Continuing our series featuring on the highly marginal constituency of Warwick and Leamington, we look at its social make up. In terms of geography, it should be noted that the two towns form one urban area, but with two distinct town centres. The shopping centre of Warwick is very much focused on tourism, something which draws some complaints from locals. Leamington has a well served and attractive town centre, but one that faces retail competition from centres like Solihull.
In the 1970s there used to be a billboard on the outskirts of Leamington proclaiming 'There's a part of Leamington in every car.' Leamington was also known as the brake and clutch capital of Britain and the local football team are still known as the Brakes.
In the run-up to the Second World War, manufacturing industry was decanted out of Birmingham. Leamington became the home to Automotive Products, a specialist manufacturer of brakes and clutches. At one time it employed 6,000 people. Today there are just 200 working for a rump firm.
Another big employer was the Ford Foundry, but that has now closed and its site is awaiting re-development. One or two specialist motor manufacturing firms survive making airport fire engines or refuse collection trucks. Volvo has a substantial office facility in Warwick, but the IBM facility across the road is shuttered.
At one time the gas appliances industry was important and the town was the headquarters of the Society of British Gas Industries. But Pottertons which made boilers has been closed and replaced by a housing estate (where the apartments are not selling too well). However, Aga still operates in the town.
There are plenty of smaller factories, but some of those are downsizing, e.g., a former Heinz factory. Nevertheless, unemployment has been relatively low. When someone visited the town for the first time in many years, they remarked how many Mercedes and other expensive cars there were on the road.
There is what in the 1980s would have been called a 'yuppie' element in Leamington. Down by the old Pottertons site, the old Rock Mill has been converted into some very stylish 'loft' style apartments.
So what do these professionals do? Although the Law Society is phasing out its complaints headquarters in the town as work is transferred to the Legal Ombudsman Service in Birmingham, there are some quite big law firms in Leamington, not least the appropriately named Wright Hassall which has moved into out-of-town premises formerly occupied by the Cheltenham and Gloucester Building Society.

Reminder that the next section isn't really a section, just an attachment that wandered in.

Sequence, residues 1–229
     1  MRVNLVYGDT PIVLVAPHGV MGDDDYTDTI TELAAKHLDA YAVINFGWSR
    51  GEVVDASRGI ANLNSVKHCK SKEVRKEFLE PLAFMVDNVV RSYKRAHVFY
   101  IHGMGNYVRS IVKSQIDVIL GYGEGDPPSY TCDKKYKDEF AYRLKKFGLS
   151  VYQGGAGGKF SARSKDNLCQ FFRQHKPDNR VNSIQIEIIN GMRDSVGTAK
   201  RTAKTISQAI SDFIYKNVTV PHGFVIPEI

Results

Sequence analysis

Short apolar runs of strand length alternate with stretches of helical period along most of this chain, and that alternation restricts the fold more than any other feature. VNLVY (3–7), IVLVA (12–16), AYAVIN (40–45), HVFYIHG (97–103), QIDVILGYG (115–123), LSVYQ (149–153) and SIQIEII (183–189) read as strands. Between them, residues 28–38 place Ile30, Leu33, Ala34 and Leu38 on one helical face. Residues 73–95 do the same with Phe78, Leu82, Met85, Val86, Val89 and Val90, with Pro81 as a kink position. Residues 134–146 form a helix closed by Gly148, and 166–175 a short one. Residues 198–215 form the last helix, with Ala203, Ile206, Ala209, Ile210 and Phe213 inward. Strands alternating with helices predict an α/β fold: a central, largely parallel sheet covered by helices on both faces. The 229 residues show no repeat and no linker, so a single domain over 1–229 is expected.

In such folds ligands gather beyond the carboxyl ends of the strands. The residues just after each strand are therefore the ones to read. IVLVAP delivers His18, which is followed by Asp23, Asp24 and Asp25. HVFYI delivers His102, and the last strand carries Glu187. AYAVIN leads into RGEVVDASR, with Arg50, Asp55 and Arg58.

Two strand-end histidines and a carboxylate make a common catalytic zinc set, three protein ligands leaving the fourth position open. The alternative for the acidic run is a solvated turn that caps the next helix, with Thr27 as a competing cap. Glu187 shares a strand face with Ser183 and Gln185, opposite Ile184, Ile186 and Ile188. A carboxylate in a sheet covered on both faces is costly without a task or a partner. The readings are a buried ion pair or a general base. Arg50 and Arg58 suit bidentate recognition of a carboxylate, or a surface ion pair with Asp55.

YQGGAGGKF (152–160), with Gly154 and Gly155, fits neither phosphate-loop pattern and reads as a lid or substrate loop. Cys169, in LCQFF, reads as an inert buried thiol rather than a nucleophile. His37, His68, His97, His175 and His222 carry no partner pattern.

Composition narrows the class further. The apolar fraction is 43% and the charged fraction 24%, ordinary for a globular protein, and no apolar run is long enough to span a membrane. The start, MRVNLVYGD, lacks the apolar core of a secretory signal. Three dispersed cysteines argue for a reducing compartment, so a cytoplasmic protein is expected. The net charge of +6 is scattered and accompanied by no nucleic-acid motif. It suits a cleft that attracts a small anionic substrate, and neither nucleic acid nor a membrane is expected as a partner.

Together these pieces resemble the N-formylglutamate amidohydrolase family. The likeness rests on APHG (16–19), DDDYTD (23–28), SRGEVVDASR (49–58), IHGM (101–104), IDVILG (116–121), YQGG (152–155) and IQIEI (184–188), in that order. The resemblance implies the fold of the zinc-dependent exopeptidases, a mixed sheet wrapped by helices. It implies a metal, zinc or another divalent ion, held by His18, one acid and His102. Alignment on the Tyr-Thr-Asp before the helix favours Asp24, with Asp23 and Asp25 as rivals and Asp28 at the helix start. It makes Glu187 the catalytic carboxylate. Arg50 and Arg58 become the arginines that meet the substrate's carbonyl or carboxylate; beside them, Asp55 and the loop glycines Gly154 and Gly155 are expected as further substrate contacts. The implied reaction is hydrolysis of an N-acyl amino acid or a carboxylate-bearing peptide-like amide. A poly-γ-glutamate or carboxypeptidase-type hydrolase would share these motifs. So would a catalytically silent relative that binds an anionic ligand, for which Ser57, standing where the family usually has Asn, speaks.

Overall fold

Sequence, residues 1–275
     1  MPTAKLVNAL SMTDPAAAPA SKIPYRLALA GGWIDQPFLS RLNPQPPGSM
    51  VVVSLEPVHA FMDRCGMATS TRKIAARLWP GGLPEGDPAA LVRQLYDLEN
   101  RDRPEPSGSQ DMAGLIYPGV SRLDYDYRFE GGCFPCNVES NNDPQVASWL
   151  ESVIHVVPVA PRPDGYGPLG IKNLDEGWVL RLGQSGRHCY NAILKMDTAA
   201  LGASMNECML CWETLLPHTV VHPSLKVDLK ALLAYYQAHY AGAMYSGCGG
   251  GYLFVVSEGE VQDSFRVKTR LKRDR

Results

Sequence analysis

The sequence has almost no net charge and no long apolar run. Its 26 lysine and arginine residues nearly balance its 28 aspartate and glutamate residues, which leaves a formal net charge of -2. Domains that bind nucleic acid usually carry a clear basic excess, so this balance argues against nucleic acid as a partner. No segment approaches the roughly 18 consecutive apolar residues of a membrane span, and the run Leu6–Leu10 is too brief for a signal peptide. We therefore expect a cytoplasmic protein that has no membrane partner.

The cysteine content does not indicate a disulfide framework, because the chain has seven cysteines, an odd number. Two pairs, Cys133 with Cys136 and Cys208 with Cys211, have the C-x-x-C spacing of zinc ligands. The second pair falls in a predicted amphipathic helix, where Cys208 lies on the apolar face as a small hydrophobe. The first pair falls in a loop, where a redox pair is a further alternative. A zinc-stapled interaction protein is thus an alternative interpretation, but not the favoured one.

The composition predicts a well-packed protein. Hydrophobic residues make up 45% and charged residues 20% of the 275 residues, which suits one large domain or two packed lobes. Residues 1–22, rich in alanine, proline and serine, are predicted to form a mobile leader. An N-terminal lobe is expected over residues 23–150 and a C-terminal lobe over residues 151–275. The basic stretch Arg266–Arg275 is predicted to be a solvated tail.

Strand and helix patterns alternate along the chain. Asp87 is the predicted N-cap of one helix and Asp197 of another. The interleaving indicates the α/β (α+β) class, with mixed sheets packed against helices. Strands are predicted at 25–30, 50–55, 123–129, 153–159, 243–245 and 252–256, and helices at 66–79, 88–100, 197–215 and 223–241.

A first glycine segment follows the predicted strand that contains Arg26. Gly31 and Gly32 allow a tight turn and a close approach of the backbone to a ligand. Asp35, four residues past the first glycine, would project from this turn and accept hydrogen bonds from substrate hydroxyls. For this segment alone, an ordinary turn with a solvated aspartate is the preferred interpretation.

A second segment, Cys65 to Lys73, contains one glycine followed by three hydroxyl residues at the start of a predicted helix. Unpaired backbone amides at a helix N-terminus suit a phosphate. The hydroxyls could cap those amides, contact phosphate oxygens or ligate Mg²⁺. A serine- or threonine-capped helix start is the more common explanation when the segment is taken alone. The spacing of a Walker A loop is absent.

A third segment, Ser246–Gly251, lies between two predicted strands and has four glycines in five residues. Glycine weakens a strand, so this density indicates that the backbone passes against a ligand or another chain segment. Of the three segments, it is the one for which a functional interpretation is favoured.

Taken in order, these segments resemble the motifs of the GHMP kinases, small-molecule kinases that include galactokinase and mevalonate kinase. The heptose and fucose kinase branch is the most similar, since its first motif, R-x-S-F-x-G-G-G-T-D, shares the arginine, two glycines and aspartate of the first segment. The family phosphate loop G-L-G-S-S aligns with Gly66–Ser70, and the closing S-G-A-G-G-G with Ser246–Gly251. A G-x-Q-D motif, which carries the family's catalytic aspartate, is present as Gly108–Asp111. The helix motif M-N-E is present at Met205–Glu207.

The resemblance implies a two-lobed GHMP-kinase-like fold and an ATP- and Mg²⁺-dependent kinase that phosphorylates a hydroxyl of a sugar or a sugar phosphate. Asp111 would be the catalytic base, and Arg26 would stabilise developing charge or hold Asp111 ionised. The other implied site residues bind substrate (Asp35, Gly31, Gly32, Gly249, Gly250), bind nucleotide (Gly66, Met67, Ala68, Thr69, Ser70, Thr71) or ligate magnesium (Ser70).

There is quite a lot of public sector employment with the offices of Warwickshire County Council in Warwick and Warwick District Council in Leamington. Many employees at the University of Warwick live in Leamington, particularly on the more up market north side.
There are also some very successful fee-paying schools, of which Warwick School and the Kings school for girls in Warwick are the best known.
However, there are also some areas of real social deprivation, for example parts of Lillington in Leamington but also significant areas of Warwick. The older parts of South Leamington face challenges with drugs. Some of these deprived areas are quite close to more prosperous areas. The town also has quite a strong nighttime economy which leads to tensions with the considerable number of residents who live in the central area.
One of the most interesting areas from an electoral point of view is Whitnash. In effect Whitnash is a suburb of Leamington, but it was at one time part of Warwick Rural District Council and thus has its own town council. The town council, the seats on the district council and the county council seat are controlled by the Whitnash ratepayers led by Bernard Kirton, who at one time in the distant past was a member of the Labour Party. They are very much a 'Whitnash first' party.
Whitnash for a long time functioned as a dormitory suburb for workers at AP close by. Today it has a relatively ageing population, but a predominantly white one. It is the sort of area which probably saw a switch of votes to Labour in 1997, but could be fertile territory for UKIP today.
Leamington has seen successive waves of immigration. In the immediate post-war period it was the Polish and the Irish. In the 1960s there was a small but significant Afro-Caribbean community but that has largely disappeared. The biggest immigrant group is made of Sikhs. The Mayor of Leamington is a Sikh and they recently opened a new gurdwara which cost them £12m to build which they raised themselves. It's an attractive addition to the skyline and I enjoyed a tour of it when it opened. More recently, there has been a wave of Portuguese or Portuguese-speaking immigrants.
For all the waves of immigration, there is still a substantial proportion of the local population who were born in Leamington or in one of the nearby villages. The 'townsmen' as they are known are a social force to be reckoned with.
What this adds up to is a very diverse and heterogeneous constitunecy which in many ways is reflective of modern Britain. It has in many ways a relatively sophisticated electorate which means that it requires the right kind of candidate, particularly for the Conservatives.
As the campaign develops, we shall be looking at the candidates.